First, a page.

An irate Cliff Vanover then took to the podium stating that Faith Labossiere—whose husband, Roe Labossiere, is a founding member of the Land Trust—was solely responsible for getting the open space bond passed, that she didn’t really understand at the time what it would mean if the word “recreation” was in there, and that she has since regretted allowing that vile word to sully her bond. The way he spoke of it, you’d think it was her own money. He turned his head to the side and virtually spat the word “rec” when he referred to subsequent use of the bond money for “rec projects” and alluded darkly to “people in this room” who “dislike” open space, vowing to “work hard” to defeat the beach pavilions if open space money were to be used.
Atlantic City boardwalk, Charlestown style.

Vanover then launched into his standard stump speech about how all the open space north of Route 1—which he even admitted is largely privately held—somehow helps keep everyone’s taxes low (although he neglected to mention that much of that open space, including his own property, is taxed at a fraction of its value as part of the Farm, Forest, and Open Space program). He then asked the council if they understood that and Gentz claimed he did. I can only assume Gentz was just saying that to move the proceedings along.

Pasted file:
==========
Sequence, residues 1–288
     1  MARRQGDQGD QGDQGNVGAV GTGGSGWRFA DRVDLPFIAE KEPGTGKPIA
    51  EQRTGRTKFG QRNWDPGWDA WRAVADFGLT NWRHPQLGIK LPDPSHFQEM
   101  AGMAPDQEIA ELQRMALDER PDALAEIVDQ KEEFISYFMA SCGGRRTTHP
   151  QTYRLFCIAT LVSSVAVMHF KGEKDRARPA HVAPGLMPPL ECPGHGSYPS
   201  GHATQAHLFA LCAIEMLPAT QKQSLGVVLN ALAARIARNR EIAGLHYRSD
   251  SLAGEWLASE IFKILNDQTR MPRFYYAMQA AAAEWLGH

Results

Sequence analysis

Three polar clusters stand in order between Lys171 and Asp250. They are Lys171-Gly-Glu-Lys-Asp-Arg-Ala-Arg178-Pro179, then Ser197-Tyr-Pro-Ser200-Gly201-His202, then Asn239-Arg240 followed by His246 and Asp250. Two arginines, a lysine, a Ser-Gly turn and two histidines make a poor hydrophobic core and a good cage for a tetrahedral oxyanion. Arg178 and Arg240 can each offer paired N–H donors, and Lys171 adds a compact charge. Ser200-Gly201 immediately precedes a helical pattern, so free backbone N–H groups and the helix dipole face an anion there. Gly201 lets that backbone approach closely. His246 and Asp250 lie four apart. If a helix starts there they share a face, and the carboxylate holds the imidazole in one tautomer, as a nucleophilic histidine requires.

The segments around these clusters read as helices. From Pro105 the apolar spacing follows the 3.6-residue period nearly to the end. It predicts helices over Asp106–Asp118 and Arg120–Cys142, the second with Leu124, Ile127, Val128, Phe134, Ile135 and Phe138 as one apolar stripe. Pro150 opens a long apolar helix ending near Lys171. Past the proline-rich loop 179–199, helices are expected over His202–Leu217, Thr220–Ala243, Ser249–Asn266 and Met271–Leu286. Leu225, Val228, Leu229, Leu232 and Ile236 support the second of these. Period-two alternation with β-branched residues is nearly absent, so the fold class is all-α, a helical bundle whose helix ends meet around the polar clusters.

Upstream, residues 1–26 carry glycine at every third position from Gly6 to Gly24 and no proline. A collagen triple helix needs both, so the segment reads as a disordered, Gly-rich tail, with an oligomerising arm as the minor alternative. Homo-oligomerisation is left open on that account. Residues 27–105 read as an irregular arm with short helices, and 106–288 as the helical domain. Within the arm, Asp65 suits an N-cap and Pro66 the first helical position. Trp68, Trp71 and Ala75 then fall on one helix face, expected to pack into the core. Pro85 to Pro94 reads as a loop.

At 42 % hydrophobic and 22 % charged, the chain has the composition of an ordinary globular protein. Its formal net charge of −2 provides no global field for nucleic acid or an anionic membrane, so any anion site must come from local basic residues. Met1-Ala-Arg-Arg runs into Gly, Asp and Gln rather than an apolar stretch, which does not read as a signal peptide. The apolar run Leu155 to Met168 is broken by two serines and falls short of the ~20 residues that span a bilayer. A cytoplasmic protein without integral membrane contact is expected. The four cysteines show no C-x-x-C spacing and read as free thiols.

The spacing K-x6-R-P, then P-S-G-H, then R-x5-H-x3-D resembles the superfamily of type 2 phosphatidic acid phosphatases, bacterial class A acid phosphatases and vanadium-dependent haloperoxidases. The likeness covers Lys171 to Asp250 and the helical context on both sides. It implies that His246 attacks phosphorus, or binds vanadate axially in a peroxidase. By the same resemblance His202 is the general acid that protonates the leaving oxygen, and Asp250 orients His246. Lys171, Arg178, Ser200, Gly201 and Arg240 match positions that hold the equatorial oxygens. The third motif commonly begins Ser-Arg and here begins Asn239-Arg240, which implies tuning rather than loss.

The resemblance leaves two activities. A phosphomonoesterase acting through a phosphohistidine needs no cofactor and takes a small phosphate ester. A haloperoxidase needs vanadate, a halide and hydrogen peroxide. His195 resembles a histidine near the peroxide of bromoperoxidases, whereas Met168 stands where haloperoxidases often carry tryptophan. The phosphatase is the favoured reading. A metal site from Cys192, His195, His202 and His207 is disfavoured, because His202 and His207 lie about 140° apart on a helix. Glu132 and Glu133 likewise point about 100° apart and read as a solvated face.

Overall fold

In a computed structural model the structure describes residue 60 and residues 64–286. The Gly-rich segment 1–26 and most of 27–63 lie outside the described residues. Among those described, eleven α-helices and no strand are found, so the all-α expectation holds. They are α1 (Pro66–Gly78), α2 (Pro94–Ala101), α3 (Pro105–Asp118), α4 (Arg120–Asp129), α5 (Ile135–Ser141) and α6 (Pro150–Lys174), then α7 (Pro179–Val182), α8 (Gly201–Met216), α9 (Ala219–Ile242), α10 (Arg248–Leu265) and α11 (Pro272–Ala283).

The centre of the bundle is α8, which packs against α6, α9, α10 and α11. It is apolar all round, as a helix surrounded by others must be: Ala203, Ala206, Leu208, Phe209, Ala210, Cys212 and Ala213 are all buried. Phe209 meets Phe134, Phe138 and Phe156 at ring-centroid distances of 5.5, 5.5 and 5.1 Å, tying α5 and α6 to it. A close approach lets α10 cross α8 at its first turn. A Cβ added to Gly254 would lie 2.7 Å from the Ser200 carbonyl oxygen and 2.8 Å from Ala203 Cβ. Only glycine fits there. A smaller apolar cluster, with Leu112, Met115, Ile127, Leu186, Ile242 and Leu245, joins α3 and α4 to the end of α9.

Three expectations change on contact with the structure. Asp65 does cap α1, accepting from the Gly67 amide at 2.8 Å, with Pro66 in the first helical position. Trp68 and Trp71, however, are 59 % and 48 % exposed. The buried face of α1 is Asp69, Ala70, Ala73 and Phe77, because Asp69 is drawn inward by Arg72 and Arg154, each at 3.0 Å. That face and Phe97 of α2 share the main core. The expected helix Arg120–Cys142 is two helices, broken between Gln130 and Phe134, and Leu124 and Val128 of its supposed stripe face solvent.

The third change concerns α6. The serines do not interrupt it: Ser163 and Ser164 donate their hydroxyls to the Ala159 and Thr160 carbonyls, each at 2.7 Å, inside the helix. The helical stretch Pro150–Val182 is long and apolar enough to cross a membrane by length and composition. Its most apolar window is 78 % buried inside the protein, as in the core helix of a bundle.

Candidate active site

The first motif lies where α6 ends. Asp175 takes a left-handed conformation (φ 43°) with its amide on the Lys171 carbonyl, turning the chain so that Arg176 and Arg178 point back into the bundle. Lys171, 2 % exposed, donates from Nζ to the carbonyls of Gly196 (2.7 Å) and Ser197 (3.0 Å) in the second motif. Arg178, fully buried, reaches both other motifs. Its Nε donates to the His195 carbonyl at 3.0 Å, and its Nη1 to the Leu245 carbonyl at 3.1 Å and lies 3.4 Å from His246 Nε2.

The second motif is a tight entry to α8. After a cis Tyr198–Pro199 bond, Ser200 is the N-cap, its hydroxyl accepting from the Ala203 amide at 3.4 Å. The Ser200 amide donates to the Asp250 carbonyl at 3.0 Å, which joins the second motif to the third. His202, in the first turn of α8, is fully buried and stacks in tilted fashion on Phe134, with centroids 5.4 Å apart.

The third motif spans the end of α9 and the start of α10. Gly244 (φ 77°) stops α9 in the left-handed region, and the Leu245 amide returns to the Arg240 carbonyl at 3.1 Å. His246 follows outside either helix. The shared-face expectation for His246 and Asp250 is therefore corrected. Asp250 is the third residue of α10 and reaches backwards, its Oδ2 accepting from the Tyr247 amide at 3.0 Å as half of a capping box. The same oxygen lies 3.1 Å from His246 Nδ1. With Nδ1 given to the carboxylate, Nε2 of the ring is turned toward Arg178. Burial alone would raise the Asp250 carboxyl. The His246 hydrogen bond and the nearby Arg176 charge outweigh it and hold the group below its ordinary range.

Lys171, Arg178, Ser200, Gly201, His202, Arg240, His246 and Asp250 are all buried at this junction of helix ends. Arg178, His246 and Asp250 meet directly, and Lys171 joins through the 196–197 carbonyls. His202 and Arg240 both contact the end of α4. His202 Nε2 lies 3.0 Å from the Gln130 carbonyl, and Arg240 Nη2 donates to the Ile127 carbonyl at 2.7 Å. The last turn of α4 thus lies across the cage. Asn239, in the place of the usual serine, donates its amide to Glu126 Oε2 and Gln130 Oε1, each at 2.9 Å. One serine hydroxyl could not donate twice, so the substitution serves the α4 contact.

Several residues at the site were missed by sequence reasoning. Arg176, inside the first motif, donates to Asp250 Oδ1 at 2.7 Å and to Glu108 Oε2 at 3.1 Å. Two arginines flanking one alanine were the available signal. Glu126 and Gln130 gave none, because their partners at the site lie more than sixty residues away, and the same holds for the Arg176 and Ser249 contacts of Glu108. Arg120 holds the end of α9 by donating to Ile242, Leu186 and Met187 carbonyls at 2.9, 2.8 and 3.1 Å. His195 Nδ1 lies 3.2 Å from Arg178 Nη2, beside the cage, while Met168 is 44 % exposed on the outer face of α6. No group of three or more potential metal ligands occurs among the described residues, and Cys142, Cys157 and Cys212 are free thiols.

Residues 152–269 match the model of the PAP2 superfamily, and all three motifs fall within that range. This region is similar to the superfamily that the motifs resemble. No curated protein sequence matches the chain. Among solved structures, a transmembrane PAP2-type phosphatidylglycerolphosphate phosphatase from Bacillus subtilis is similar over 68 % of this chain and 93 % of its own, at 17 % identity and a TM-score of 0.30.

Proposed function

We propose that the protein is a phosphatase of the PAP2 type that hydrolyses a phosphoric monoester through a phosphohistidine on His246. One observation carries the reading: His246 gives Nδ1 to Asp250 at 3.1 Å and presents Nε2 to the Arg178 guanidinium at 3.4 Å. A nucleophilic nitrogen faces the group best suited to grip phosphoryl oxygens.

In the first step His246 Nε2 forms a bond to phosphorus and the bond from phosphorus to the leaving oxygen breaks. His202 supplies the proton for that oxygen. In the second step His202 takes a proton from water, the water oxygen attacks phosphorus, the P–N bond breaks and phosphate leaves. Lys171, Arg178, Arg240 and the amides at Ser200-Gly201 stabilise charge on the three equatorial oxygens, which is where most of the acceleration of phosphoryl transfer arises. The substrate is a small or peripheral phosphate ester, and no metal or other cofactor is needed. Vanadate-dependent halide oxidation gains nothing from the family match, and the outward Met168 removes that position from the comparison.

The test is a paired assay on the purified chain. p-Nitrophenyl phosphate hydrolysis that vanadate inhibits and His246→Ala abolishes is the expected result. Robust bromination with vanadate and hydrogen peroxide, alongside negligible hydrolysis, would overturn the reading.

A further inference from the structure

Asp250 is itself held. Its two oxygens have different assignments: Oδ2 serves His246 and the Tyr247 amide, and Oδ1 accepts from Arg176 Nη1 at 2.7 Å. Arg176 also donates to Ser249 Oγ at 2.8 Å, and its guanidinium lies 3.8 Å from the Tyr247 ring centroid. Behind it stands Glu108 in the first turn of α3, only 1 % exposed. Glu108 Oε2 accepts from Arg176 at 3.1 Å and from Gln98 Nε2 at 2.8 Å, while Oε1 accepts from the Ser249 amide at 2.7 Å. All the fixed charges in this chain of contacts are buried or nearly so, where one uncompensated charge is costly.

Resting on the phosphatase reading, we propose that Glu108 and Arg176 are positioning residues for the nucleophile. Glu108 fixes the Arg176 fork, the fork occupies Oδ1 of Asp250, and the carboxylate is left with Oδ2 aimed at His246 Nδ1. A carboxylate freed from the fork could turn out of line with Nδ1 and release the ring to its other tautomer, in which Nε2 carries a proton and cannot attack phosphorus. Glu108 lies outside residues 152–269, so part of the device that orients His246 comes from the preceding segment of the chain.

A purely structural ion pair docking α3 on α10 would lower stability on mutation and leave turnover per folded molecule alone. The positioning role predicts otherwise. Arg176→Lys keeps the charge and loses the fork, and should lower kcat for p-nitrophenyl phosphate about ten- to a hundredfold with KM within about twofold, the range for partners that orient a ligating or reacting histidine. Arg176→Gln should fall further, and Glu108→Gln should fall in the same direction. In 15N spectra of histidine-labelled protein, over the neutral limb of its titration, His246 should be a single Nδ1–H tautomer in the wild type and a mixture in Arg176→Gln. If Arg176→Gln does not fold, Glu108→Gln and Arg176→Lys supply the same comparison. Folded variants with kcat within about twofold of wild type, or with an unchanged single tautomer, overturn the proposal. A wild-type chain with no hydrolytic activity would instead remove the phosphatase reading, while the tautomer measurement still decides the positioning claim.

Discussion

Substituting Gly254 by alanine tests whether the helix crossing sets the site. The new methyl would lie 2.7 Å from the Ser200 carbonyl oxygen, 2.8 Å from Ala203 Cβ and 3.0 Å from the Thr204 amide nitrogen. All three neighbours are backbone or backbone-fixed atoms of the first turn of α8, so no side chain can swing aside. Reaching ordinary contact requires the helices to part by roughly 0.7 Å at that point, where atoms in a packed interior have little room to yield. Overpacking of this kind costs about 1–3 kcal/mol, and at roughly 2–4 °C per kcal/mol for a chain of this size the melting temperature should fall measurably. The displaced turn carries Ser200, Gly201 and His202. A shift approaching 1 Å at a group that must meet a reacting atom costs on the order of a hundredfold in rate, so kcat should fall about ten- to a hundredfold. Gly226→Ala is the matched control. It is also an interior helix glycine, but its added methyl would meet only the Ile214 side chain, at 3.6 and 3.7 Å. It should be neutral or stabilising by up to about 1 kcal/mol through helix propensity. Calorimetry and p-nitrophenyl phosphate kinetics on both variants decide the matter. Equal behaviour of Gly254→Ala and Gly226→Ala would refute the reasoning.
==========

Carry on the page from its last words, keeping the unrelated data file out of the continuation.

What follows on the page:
Councilor Lisa DiBello responded by pointing out that the state of Rhode Island offers grants for both open space and recreation as part of the same program. As former director of Parks and Recreation, she would appear to be in a good position to speak authoritatively on the subject. And indeed, on the RIDEM web site, it specifically states that Rhode Island Recreation Acquisition and Development Grants are funded out of the state’s Open Space Bond authorizations.

Frank Glista then went back to the podium to state that he’s always supported every open space purchase the town has made but that if it was important enough to put the pavilions before the voters, any future open space purchases should also be put before the voters and that the money shouldn’t just be spent because it’s available.

Leo Mainelli also returned to the podium to give his definitions of open space and recreation. Open space is a field and recreation is a walking trail and picnic tables, and he felt most people would concur with him on that. Though it seems to me that most public places where there are walking trails and picnic tables also have bathrooms. 

The final vote on the pavilions included an amendment requiring that they be paid for through a new bond and not the existing Open Space Recreation bond, which apparently was intended as a promissory note to the Charlestown Land Trust. And the referendum was approved, despite bitter opposition from owners of beachfront property who didn’t want to see their taxes go up to pay for bathrooms for everyone else to use seeing as how they could just walk home to use their own and didn’t need the new facilities themselves. Ultimately, the battle ended in a draw between town residents, who will no longer have to be disgusted to use the current facilities and embarrassed to have others use them, and the open-space advocates who got to keep “their” $2 million of our future tax money.